Buying an aircraft is a complex transaction. Buying one from outside the United States and importing it only adds to the complexity. Paperwork and timing are two major aspects of a domestic deal that can become complicated with foreign transactions and the importation process.
For instance, in the United States there’s only one place to go to verify aircraft records--the Federal Aviation Administration (FAA). Assuming an aircraft has spent its entire history in the United States, most reputable title companies should be able to ferret out any claims impacting the title by performing a quick title search.
By contrast, in Canada, for example, there is no central source for determining an aircraft’s chain of ownership. Aircraft registration in that country is done at the regional level. There are many different provincial and territorial level queries that would need to be done to ascertain whether there are any claims outstanding on Canadian-owned aircraft.
Every country has its own, distinct registration process. Unfamiliarity with a country's aircraft registration procedures can significantly impede the timing of the transaction and increase the paperwork. It should be mentioned that the International Registry (IR) was originally intended to help address this issue. However, the IR falls significantly short in providing certainty of a clear chain of title, even on those aircraft it covers.
Aircraft pre-purchase inspection is another potential minefield. AOPA Finance recently stepped in to help somebody who had imported a plane without setting up a thorough Purchase and Sale Agreement (P&S). The two parties agreed the seller would fly the plane to the United States. Both also agreed the buyer could have an annual inspection performed by the buyer’s A&P as part of the pre-purchase inspection. During the annual, the buyer’s mechanic discovered several issues with the aircraft.
A dispute arose over which country’s definition of airworthiness took precedence. The seller believed the aircraft was airworthy when it departed his country. The buyer’s mechanic begged to differ. So both the plane and the deal were in pieces. To add insult to lack of planning, the lender refused to release funds until somebody signed off that the aircraft was airworthy.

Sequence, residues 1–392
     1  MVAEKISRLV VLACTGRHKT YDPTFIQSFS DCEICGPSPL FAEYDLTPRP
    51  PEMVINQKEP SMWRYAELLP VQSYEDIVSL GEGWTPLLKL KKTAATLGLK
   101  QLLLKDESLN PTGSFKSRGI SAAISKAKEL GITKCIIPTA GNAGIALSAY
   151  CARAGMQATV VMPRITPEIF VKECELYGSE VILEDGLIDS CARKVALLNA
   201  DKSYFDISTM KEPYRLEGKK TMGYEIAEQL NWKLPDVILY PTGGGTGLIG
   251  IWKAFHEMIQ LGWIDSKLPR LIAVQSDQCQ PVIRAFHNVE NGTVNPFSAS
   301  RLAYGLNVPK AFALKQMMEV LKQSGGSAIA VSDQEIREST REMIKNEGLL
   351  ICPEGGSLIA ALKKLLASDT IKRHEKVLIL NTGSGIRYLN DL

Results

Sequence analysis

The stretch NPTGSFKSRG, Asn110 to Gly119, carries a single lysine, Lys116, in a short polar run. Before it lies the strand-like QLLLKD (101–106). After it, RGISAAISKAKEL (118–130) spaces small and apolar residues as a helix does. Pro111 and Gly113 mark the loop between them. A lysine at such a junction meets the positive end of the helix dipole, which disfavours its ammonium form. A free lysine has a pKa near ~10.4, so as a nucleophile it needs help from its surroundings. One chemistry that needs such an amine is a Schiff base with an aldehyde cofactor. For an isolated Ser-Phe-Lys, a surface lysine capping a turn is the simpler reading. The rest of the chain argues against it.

In the United States, that somebody is the FAA’s designated airworthiness representative (DAR). Not only does the DAR control that aspect of the transaction, this person also oversees the de-registration and registration process. Every country also has their equivalent, which means there are options on how to proceed. Whichever course is chosen, it involves getting on the DAR's calendar, and paperwork.
Other details to be resolved include: In which country will the plane be de-registered? How will it be flown or ferried into the United States? Where and how will it clear U.S. Customs? And how will the aircraft be re-registered?
Our advice is to hammer out a rock-solid purchase and sales agreement before embarking on your journey. Clearly spell out all the details to make sure expectations are realistic. Have the P&S elaborate what’s going to happen, when and who is going to take care of which parts of the process. Have it specified when the money will become non-refundable, when the entire amount of the loan is funded into escrow, and when those funds will be released to the seller.
Disputes happen. Lay out what the dispute resolution process will be. Clarify the logistics of when and where the aircraft will be de-registered and subsequently re-registered. Specify the time period for the designated airworthiness representative to inspect and deem the aircraft airworthy by U.S. standards.
Our other piece of advice is to get title insurance. It doesn’t cost a lot on the one hand, and on the other hand, having a U.S.-based title insurance company to defend you if something does occur is more than worth the cost. Don’t skimp on this item. Get title insurance.
AOPA has a plethora of online resources. We also can be helpful through our Legal Services Plan. We’re not the only ones. There is a small industry of other aviation professional service providers out there who are in the business of importing aircraft. Our goal is to provide an understanding of the process and help set expectations. Buying a foreign aircraft and importing it is absolutely a case where hiring professional service providers can only benefit you.
Great rates. Great terms. Helpful and responsive reps. Three good reasons to turn to AOPA Aviation Finance when you are buying an airplane. If you need a dependable source of financing with people who are on your side, just call 800.62.PLANE (75263) or click here to request a quote.